The Traps and The Snares

Day 128/5

Noon Position: 46 39S 163 36E

Course/Speed: SE5

Wind: S15

Bar: 1023

Sea: S4

Sky: Broken, sometimes squally

Cabin Temperature: 56

Water Temperature: 54

Sail: Working jib, full; main, one reef, close hauled on starboard

Noon to Noon Miles Made Good: 138

Miles this leg: 709

Avg. Miles this leg: 142

Miles since departure: 17,964

Viewed from space or, more likely, from my small scale chart in the pilot house, New Zealand’s South Island looks nothing imposing, a long, smooth shape resembling a dog bone and absent the hooks and daggers of its kin to the west, Cape Horn.

But zoom in a bit and a dragon’s tooth, Steward Island, becomes visible at the southeastern corner; and another zoom shows a collection of rocks, many submerged, hung just far enough off her eastern flank to catch the unwary mariner as he makes an otherwise conservative rounding. This has apparently occurred because the rocks are named in warning. These are The Traps.

Now follow a line south and west some fifty miles and you will find a ragged, three-pointed island surrounded by rocks, again, innocently placed well out and in a location one would otherwise presume to be nothing but open ocean. These are aptly named The Snares.

Add to this Aukland Island one hundred and fifty miles further south, and suddenly a rounding of New Zealand’s southern-most promontory looks more challenging.

Especially if one is making his final approach in winds that have turned South Island into a lee shore.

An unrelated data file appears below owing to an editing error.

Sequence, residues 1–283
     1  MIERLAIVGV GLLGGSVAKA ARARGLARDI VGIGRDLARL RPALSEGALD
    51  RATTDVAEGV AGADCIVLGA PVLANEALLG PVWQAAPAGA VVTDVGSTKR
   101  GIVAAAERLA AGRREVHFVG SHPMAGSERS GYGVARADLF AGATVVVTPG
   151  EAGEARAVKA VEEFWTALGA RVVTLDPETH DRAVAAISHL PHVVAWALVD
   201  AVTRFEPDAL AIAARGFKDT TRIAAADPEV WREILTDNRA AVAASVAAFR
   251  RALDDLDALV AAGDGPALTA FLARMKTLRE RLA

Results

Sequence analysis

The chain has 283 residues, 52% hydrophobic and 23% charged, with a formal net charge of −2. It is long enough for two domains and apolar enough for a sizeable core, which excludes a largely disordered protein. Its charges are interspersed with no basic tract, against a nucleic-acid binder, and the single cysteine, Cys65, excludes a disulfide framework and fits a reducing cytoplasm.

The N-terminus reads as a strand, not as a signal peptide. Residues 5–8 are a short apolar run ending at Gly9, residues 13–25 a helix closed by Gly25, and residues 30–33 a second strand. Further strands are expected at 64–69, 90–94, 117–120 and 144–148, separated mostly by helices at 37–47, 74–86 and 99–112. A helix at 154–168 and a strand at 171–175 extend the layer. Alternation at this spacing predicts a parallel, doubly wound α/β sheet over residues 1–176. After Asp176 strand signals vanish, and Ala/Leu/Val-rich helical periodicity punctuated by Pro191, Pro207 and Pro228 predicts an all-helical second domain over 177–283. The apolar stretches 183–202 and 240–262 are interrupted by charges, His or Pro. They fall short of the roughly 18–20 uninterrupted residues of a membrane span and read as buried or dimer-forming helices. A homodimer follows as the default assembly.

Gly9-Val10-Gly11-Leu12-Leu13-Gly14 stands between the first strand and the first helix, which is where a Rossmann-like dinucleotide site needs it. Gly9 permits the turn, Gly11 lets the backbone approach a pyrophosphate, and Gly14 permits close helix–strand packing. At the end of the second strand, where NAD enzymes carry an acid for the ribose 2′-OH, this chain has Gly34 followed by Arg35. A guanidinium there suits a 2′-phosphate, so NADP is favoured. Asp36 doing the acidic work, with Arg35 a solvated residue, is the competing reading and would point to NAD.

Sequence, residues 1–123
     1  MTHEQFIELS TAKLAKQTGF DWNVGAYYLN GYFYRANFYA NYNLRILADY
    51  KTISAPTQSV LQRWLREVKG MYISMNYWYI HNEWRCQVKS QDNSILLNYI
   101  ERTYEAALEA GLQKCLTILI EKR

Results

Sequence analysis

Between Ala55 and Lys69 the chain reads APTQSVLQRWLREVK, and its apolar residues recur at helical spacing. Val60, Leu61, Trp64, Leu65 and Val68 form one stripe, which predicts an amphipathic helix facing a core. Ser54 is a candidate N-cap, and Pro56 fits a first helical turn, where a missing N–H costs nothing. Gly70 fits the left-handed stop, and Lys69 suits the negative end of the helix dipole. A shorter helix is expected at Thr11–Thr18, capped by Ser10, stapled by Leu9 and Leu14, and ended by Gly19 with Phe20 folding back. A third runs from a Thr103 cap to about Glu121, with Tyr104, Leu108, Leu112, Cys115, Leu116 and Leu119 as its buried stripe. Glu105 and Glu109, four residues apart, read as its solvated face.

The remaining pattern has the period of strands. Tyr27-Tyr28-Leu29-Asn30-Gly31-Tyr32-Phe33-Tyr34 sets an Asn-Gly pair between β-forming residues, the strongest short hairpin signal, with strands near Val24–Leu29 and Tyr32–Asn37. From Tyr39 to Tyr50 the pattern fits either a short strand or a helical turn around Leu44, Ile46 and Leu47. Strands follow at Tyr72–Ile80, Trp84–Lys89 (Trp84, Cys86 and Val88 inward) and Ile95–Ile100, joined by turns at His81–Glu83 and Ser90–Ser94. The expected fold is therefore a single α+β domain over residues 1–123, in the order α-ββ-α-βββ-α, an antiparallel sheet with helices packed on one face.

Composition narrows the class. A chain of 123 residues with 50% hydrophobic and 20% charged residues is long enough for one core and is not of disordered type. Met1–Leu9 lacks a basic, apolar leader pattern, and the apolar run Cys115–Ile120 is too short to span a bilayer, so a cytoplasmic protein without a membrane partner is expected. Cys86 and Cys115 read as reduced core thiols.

Overnight our southwesterly slowly shifted south until our couse was east and then a bit northeast. I let Mo go. Sleep the previous night had been largely non existent, and now that we were close hauled, my berth on the lee side pulled me into its comfort.

At dawn I adjusted sails and found I could eke a bit of southing into our course. Now we were well above my rhumb line from Hobart to midway between Stewart Island and The Snares, but all day the wind tempted me with now a bit of southing, now a bit of easting. So, I hung on and hoped.

Until now. The sun has just set. Winds have finally and decidedly moved into the southeast and are driving us right at New Zealand. So, I’ve tacked around…and away from our goal.

I hesitated because “helms alee!” is nothing trivial. Mo is set up for long distance, not short-tacking. The removable inner forestay is permanently in place and the storm jib is hanked-on and ready. To come about means rolling up the headsail, shifting the running backs, and gybing (or should I say, wearing ship) onto the other tack.

But done.

Now we head due south and toward a windless, high pressure area. I’ve reefed in. There’s no point in rushing. Westerlies don’t return till day after tomorrow.

2 Comments on “The Traps and The Snares

  1. I’m puzzled by the necessity of gybing instead of tacking. If the headsail is already in, and the running backs moved, why can’t you tack?? Or, if you can, why would it be preferable to gybe? Can somenoe help me with this?

    • Mary – Randall doesn’t have the ability to read comments while he’s at sea. We (Team F8) passes messages along but we can’t guarantee responses. Just wanted you to know.

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